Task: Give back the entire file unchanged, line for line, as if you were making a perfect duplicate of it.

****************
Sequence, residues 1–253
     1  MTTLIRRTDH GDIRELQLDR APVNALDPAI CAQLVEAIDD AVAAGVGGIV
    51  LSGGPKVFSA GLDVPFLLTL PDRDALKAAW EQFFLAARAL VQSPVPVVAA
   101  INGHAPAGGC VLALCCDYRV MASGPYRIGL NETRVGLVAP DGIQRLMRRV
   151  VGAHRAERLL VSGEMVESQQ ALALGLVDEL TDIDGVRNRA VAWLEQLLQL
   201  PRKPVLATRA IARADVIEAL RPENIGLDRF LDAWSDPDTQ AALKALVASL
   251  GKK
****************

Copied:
Sequence, residues 1–253
     1  MTTLIRRTDH GDIRELQLDR APVNALDPAI CAQLVEAIDD AVAAGVGGIV
    51  LSGGPKVFSA GLDVPFLLTL PDRDALKAAW EQFFLAARAL VQSPVPVVAA
   101  INGHAPAGGC VLALCCDYRV MASGPYRIGL NETRVGLVAP DGIQRLMRRV
   151  VGAHRAERLL VSGEMVESQQ ALALGLVDEL TDIDGVRNRA VAWLEQLLQL
   201  PRKPVLATRA IARADVIEAL RPENIGLDRF LDAWSDPDTQ AALKALVASL
   251  GKK